He basically left for work in the morning; said ‘I love you, I adore you’, and he was talking about buying a house with me the day before, but then he came home and basically said ‘I have to let you go, I can’t move forward’. We weren’t fighting there were no problems, no nothing, he walked out the door and never called me again after a year and a half of dating […] and when you are that age, you are like oh my god this person just wasted a year and a half of my life when they knew that I might possibly want this [motherhood] in my life.
– Charlotte (42 years)
For women such as Amber and Charlotte, the time spent in these failed relationships as well as the time they were spending as single women looking for a partner was time that they felt had been, and was potentially still being, wasted. This sense of waste came from their understanding of their fertility (as well as their time) as a finite resource which had not yet been deployed or used effectively in the pursuit of a committed long-term relationship which would eventually lead to motherhood. For these women, and others, social egg freezing appeared to be a tool to help redeem the time they spent as single women and as a way to ensure they did not engage in ‘panic-partnering’ 1 and thus waste further ‘fertile time’ in the wrong relationship. Egg freezing also offered them a more hopeful orientation towards the future where their desires for motherhood could be fulfilled. As Charlotte went on to emotionally explain:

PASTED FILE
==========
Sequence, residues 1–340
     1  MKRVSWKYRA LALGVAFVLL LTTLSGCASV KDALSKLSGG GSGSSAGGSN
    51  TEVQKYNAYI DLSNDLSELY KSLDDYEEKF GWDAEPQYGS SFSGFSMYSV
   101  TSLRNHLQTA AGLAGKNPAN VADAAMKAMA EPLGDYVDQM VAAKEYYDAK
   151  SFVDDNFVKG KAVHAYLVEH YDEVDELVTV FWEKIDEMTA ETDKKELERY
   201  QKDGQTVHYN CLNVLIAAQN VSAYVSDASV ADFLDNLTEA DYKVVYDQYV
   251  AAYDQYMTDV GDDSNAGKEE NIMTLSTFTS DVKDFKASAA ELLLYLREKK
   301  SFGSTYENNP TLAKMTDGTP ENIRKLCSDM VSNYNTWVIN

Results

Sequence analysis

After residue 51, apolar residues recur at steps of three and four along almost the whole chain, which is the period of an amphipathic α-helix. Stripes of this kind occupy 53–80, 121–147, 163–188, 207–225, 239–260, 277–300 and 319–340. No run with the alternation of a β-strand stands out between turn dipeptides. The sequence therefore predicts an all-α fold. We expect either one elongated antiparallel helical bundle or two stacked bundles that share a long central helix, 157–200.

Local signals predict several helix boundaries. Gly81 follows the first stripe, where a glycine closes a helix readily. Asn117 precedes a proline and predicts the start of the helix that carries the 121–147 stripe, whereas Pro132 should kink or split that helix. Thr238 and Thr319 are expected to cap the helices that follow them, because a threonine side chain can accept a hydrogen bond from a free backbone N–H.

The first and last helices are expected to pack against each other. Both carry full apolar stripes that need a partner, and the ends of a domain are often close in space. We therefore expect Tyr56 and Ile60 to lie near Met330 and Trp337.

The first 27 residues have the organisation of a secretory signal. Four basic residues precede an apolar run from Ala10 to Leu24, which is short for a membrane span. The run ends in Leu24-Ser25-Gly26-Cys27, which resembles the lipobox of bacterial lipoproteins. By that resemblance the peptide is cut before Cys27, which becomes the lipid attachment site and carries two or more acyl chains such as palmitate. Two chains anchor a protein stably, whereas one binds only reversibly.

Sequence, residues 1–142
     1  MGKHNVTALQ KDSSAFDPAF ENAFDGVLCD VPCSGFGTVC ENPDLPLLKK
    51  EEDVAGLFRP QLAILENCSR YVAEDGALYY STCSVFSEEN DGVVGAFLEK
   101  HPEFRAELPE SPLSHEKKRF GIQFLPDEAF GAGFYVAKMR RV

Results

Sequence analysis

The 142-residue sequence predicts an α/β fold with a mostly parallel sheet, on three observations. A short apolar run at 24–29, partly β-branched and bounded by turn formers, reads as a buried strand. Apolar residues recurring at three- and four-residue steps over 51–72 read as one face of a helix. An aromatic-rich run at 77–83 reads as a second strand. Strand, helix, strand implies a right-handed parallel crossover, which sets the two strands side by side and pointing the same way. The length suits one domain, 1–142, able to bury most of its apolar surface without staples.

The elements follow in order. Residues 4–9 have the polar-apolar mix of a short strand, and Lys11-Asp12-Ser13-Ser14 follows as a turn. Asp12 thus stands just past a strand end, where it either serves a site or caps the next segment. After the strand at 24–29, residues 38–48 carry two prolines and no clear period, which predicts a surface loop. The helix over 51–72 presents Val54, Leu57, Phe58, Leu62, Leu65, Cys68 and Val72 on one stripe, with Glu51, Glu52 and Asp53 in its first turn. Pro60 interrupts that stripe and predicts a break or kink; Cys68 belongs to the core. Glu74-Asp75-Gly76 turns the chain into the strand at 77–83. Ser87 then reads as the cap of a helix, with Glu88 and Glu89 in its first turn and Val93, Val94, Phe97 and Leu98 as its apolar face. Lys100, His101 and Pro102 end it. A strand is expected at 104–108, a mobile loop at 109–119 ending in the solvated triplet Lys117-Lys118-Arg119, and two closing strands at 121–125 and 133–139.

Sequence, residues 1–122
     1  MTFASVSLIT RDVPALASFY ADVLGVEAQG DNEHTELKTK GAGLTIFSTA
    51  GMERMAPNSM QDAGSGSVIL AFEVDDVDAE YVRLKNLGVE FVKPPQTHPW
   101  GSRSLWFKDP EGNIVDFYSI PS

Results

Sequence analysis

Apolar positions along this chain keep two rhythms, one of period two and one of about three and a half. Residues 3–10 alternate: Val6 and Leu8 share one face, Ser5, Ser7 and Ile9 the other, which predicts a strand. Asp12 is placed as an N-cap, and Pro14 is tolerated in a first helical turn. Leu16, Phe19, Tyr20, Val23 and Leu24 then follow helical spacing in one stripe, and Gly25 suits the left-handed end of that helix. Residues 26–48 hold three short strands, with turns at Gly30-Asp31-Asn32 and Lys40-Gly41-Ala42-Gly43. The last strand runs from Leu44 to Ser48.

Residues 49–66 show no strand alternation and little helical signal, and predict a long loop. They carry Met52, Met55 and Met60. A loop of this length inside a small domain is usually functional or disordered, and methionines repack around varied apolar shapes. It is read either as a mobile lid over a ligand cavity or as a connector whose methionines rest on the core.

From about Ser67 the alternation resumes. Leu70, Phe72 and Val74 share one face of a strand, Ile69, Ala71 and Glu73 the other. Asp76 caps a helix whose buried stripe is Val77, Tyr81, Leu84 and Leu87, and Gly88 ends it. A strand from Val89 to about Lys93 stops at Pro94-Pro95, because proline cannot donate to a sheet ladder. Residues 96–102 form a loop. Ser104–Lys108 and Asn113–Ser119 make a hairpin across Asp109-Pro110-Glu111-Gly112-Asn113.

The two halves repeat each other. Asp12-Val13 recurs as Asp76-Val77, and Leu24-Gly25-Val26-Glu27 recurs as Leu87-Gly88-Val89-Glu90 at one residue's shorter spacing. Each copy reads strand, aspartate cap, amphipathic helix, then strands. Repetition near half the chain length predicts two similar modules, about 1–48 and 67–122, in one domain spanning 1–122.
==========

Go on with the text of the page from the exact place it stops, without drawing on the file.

I do feel empowered in a way. I think there was this sense, and this feeling I had before I did this [egg freezing], that ‘oh my god I just gave up my last chance to have a baby’ [but] I feel […] my last relationship definitely got the best of me, but he didn’t get all of me; he didn’t take away that last thing that I preserved.
– Charlotte (42 years)
When discussing the options available to them at the time of considering freezing their eggs, many of the women remarked that they could simply stop taking the contraceptive pill without informing their sexual partner, and several women explained that they had known women who had done this in order to get pregnant. Claudia told me: ‘I think if you go back to my mum’s generation or my grandmothers, a lot of it was the guy wants to delay, so they stopped taking the pill and that was that.’ However, Livvy suggested that whilst she believed that many men entered into fatherhood without a conscious choice or effort, she did not want to ‘trick’ her partner into fatherhood. This sentiment was echoed by many of the other participants. This rejection of pursuing pregnancy ‘covertly’ was because these women did not simply want to have a baby but wanted to create a family ‘unit’ or ‘set-up’ wherein the responsibility for raising a child through to adulthood, with the associated pains and pleasures, was shared by themselves and a partner who was as equally invested in parenting. As Olivia explained, for her it was ‘not just wanting the kids, it’s wanting the family unit’. Melanie similarly described how she could have conceived via casual sex but instead wanted to create a family. She told me:
Really, if I want to have a baby I can go out and do that anytime [but] that’s not for me, it was really more about having a family and having a partner there to share that with.
– Melanie (36 years)
Emily also extolled how she believed parenting to be a ‘two-person job’ which necessitated the commitment of an engaged partner who had equally chosen parenthood. This led her to suggest that pursuing parenthood without a partner’s ‘buy-in’ would, in her view, be unlikely to produce the family unit she had desired. She told me: